As Canadians continue to adopt mobile technology and as demand for mobile payments (m-payments) capability continues to grow, the banking industry and credit union system today announced a set of voluntary, secure, open guidelines for the development of m-payments at point-of-sale (POS) in Canada.
The voluntary guidelines, technically known as the Mobile Reference Model, will serve as a blueprint for how m-payment capabilities can be offered in the Canadian market, including guidelines around how information is exchanged among various parties to a transaction including financial institutions, payment card companies, telecommunications companies and merchants. While voluntary, the financial institutions that developed the guidelines are committed to these principles in the mobile market, and these guidelines are intended to create a path to help all market participants move forward in developing mobile payment solutions.
The guidelines are designed to provide clarity to the marketplace as various participants consider how they will meet the growing demand for mobile payments in Canada. These guidelines were developed as an outcome of the federal government’s Task Force for the Payments System Review in 2011, and provide definition for a fair, transparent, and competitive Canadian market for emerging payment options with mobile devices.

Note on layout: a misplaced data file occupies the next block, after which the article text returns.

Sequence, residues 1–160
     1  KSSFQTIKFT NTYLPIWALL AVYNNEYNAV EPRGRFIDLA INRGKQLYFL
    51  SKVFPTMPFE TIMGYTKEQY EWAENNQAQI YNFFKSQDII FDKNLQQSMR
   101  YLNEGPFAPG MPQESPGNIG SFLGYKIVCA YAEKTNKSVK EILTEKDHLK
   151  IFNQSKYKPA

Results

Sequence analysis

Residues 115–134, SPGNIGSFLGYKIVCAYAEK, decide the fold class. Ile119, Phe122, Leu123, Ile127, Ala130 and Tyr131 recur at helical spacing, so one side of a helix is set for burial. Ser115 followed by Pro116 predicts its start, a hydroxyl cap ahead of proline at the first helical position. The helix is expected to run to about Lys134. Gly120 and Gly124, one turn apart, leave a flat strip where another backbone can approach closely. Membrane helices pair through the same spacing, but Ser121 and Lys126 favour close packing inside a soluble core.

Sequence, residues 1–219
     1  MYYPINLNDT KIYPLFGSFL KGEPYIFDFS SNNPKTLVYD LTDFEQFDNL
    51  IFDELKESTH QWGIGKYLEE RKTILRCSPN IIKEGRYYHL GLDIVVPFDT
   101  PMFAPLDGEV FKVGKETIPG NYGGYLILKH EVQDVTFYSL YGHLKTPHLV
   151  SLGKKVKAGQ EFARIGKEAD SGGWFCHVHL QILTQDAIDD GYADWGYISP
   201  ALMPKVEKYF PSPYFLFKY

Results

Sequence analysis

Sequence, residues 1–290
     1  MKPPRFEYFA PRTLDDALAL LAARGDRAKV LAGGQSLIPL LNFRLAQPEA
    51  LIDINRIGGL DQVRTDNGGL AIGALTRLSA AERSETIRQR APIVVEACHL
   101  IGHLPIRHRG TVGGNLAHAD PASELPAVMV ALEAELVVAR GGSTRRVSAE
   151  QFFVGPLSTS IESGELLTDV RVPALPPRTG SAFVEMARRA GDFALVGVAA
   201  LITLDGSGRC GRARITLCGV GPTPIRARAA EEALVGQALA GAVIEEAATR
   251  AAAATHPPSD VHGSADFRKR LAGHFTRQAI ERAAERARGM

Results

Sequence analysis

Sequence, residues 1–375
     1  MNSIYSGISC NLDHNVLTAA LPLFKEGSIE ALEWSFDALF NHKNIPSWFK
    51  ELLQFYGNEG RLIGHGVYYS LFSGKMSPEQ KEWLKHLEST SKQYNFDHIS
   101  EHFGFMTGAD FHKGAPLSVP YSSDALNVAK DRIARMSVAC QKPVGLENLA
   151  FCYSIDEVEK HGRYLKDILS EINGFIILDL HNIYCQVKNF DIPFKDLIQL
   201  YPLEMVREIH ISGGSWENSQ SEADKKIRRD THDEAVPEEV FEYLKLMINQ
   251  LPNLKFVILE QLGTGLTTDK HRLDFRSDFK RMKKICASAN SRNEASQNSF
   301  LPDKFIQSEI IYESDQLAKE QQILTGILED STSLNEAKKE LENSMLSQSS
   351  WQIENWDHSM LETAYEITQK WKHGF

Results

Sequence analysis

A report by broking group Marsh examines the repercussions from the administration of the South Korean company, which filed for bankruptcy protection at the end of August.
Global research by C2FO suggests that smaller businesses are less concerned with the repercussions of Brexit and the upcoming US presidential election.
A squeeze on skilled talent means it now takes an average of seven weeks to fill open permanent roles in finance in the UK according to new research from financial services recruitment firm Robert Half.
Early-stage merger and acquisition deals in Asia-Pacific show nearly 10% year-on-year growth in recent months.